During her third child’s first few weeks of life, the mother observed that she was breastfeeding poorly and was sleeping for longer duration compared to her sister at her age. At about 8 weeks, it was observed that the child would go into an unarousable state on exertion or while breastfeeding. This state lasted between 30 minutes and 1 hour, and upon regaining consciousness, the child was lethargic. The child never presented with a crying episode or convulsions prior to her loss of consciousness. The child was taken to a health facility and the mother was told that her child’s heart was beating slower than usual but was assured that it would go away with time. She continued to present with syncopal attacks until the age of 2 years but was never admitted for this or any other illness and had normal developmental milestones. She was free of such episodes for about 3 years, however, she was mostly lethargic with a decreased effort capacity, had a poor weight gain and was generally inactive for her age. Three weeks prior to this index admission, she presented again with episodes of loss of consciousness which persisted until she came to our attention. She had experienced between three and five episodes per day, each lasting for about an hour and after regaining consciousness she slept for up to 12 hours. This time round, minor activities including swallowing and rising from a lying position led to syncope. Since birth, the child had never had features of heart failure or a transient rash suggestive of neonatal lupus erythromatosus. Furthermore, the mother denies any prescription of steroids for herself or her child between pregnancy and now.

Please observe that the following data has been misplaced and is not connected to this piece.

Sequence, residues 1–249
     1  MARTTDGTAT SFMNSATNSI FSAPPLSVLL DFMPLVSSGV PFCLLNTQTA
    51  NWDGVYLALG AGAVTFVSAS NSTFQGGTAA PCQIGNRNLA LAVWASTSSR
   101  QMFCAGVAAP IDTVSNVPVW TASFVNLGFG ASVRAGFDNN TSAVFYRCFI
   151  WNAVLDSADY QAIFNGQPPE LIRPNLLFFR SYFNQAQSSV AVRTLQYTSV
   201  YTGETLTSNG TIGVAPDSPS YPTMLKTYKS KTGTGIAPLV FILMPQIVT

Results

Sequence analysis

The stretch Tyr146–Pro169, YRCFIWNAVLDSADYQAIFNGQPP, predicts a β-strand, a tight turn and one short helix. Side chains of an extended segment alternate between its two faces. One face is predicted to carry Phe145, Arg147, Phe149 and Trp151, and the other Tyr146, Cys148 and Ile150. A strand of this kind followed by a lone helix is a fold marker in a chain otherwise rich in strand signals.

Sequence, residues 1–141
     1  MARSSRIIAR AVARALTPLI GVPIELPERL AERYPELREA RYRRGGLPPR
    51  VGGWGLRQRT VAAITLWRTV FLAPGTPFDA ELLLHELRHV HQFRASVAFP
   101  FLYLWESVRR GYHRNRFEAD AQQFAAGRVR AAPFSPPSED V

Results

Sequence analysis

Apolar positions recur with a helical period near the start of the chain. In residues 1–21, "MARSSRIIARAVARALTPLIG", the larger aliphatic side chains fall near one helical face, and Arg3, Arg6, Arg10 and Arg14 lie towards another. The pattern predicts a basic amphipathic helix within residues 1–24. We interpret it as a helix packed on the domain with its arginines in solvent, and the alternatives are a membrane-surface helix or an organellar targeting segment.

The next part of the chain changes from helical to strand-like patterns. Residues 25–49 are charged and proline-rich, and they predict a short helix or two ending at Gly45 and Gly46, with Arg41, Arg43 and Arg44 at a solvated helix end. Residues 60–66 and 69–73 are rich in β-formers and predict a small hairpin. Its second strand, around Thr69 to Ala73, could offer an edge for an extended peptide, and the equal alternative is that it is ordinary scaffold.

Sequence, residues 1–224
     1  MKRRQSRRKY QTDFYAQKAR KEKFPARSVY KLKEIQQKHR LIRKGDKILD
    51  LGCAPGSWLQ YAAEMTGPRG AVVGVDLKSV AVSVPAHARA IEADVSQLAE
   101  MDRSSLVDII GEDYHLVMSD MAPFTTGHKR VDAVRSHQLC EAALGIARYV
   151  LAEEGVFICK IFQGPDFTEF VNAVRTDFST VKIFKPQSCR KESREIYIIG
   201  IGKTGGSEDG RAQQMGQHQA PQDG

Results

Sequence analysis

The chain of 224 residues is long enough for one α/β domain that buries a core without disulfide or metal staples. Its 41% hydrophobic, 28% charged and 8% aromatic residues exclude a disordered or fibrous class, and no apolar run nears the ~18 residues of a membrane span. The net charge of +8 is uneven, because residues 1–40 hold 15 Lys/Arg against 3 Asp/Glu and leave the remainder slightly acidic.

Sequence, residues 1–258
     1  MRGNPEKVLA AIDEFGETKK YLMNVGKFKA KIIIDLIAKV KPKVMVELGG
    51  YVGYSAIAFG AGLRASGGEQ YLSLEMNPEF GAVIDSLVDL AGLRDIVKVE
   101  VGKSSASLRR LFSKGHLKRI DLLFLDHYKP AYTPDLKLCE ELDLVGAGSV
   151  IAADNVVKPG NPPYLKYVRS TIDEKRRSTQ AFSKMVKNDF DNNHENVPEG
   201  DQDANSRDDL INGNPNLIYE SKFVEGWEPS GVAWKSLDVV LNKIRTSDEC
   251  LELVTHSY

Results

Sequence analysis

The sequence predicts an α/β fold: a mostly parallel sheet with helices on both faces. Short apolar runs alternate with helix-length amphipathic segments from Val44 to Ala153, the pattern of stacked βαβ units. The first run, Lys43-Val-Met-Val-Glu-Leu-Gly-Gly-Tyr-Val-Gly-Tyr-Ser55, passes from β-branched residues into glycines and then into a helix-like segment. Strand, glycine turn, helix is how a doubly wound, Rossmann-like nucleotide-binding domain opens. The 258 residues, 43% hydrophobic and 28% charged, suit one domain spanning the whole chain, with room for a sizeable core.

Upon admission to our institute, the child underwent a thorough physical examination and a series of investigations. The physical examination was unremarkable except for her being small for her age (body mass index (BMI) 16.3 kg/m2) and bradycardia. Her vital signs were within acceptable range with the exception of her pulse rate, which ranged between 22 and 34 beats/minute. She had normal electrolytes, renal and liver function, full blood count and random blood sugar test results. Serology results for HIV and hepatitis (B and C) were negative. An echocardiogram revealed a sinus bradycardia, otherwise a structurally normal heart. An ECG showed AV dissociation in keeping with third-degree atrioventricular (AV) block, Fig. 1. Anti-SSA/Ro and anti-SSB/La antibodies tests are unavailable in the country and were not screened for, however, the mother tested negative for anti-double-stranded deoxyribonucleic acid (dsDNA), antinuclear antibodies (ANA) and antineutrophil cytoplasmic antibodies (ANCA) autoantibodies. The child underwent a permanent epicardial pacemaker insertion and has been symptom-free following pacing.